The presumption, in the case of an asset-based wealth index, is that the variables included in the analysis are directly related to wealth through their investment cost. However, it can be argued that other unmeasured factors influence the acquisition of assets such as availability, accessibility, convenience, and the like. The method proposed in this paper does not directly account for such factors.


Equity is receiving increasing attention from public institutions, even more so since the adoption of the sustainable development goals. Producing valid assessments of equity obviously requires valid measures of socio-economic status. We have presented theoretical arguments and practical examples to support our contention that the approach currently widely used to calculate asset-based wealth indices has important limitations, with a strong bias towards urban patterns of wealth. We propose an alternative approach which differs from the standard one in four respects. First, instead of replacing each categorical variable with several binary dummy variables, it requires ordered categorical variables, where applicable, to be used in the analysis. Second, our approach uses a polychoric PCA rather than the standard PCA based on Pearson correlation coefficients. Third, we use an SMC procedure to filter out variables contributing little to the characterization of asset-based wealth. Fourth, our approach combines the first two principal components rather than using only the first principal component.

We have shown that the polychoric dual-component method can be easily applied in mainstream surveys such as the MICS and DHS, as well as in epidemiological studies, and that it yields credible results. Indeed, we believe that the polychoric dual-component approach produces more credible distributions of wealth for the rural and urban subpopulations than either the standard or the composite DHS index methods. We believe the improved performance of the method proposed in this paper results from the elimination of spurious correlations produced by the use dummy variables, the additional information included in the ordinal variables, the better correlation estimates produced by the polychoric approach, the elimination of irrelevant variables through the SMC procedure, and, last but not least, the additional information provided by the 2nd principal component.

Additional material

Online Supplementary Document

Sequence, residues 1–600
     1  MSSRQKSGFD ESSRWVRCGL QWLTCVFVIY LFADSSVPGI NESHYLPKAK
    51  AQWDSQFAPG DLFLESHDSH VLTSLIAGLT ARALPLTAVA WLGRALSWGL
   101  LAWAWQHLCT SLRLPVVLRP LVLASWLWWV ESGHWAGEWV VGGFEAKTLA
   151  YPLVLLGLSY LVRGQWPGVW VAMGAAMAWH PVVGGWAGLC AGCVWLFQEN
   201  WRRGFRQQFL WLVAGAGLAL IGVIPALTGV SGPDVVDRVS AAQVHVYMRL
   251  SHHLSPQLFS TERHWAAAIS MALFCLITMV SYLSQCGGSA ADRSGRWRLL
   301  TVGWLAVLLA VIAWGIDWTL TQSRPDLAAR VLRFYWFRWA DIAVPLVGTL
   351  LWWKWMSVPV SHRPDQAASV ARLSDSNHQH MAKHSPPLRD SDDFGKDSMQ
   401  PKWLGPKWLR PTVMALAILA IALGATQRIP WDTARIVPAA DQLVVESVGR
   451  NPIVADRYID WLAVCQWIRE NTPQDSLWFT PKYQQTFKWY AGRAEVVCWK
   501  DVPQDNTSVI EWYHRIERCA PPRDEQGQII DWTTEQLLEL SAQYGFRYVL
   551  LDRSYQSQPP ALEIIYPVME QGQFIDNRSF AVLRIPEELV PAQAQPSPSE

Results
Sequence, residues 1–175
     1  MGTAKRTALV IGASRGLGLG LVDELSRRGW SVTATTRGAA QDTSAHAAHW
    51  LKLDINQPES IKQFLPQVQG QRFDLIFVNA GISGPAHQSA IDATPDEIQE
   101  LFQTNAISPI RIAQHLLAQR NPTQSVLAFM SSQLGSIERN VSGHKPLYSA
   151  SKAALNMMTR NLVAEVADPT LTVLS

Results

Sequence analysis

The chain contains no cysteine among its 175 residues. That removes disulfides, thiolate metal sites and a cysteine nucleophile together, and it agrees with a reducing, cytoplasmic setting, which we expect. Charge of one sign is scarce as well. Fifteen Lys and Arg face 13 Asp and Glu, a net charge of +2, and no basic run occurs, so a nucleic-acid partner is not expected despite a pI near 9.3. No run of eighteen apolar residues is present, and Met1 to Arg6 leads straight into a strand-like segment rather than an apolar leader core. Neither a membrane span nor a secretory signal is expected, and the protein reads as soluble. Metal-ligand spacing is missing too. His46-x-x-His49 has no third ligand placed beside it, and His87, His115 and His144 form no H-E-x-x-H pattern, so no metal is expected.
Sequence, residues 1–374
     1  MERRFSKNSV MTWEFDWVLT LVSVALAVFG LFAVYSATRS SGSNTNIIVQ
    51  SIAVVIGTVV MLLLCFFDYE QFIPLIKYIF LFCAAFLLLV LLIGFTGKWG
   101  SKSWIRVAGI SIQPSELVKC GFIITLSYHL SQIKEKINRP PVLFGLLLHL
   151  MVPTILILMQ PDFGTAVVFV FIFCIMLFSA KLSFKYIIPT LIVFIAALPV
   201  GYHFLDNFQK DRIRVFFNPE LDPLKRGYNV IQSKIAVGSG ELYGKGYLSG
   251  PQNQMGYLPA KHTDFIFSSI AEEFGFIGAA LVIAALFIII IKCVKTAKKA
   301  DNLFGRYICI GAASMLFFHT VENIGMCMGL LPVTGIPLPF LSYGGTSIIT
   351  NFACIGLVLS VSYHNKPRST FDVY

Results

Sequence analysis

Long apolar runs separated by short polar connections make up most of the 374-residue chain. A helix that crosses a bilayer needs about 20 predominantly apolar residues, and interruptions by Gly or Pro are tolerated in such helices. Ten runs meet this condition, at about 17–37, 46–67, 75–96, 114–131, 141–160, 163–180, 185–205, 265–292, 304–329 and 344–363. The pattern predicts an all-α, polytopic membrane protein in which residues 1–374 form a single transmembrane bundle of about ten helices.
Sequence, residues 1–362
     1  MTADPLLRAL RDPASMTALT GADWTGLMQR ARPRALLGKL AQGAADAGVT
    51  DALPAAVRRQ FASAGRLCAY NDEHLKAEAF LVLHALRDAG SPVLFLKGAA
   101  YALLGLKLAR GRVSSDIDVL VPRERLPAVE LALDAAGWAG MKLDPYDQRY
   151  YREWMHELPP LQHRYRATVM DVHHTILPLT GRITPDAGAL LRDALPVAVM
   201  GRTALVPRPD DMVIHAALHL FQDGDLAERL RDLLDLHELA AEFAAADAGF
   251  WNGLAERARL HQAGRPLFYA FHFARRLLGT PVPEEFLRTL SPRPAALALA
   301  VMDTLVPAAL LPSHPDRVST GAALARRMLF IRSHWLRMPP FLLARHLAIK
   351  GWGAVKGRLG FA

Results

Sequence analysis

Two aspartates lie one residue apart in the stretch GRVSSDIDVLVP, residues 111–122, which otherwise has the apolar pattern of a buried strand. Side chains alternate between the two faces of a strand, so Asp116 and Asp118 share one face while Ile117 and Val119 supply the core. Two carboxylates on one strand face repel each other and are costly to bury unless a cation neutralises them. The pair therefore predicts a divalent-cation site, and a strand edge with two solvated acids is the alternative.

We would like to thank UNICEF and the DHS Program for giving us access to selected MICS and DHS national datasets for this research. Our sincere thanks as well to the Mozambican National Institute of Statistics for providing and allowing us to use information from its 2008-2009 National Household Budget Survey (IOF). We are also deeply grateful to Attila Hancioglu, Global Coordinator of MICS for UNICEF, and Robert Bain, Statistics Specialist (WASH) at UNICEF, who found time in the midst of their busy schedules to provide valuable comments and suggestions for this paper. Last but not least, we thank the anonymous referees who reviewed this paper and offered very useful suggestions for its improvement. All MICS and DHS datasets used in this research are anonymised and in the public domain. They are available on request from the MICS repository and the DHS repository MICS and DHS surveys are implemented under established protocols for ethics and informed consent. This research was approved by the Observational/Interventions Research Ethics Committee of the London School of Hygiene and Tropical Medicine (reference 6441).

[1] Funding: Not applicable.

[2] Authors’ contributions: PM was closely involved in the design, data collection and analysis of the Mozambique 2008 MICS, jointly developed the concept and methods of this paper, carried out the analysis, drafted the paper, and edited the several versions. FM was closely involved in the design and data collection of the Mozambique 2008 MICS, contributed to specific aspects of this paper requiring intimate knowledge of Mozambique, and reviewed the drafts. SC jointly developed the concept and methods of this paper, reviewed and provided further materials for drafts. All authors read and approved the final manuscript.

[3] Competing interests: Simon Cousens is a member of the Editorial Board of the Journal of Global Health. The authors completed the ICMJE Unified Competing Interest form (available upon request from the corresponding author) and declare no other conflicts of interest.


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Correspondence to:
Pierre Martel, MD MSc
P.O.Box 124
Mokhotlong 500
[email protected]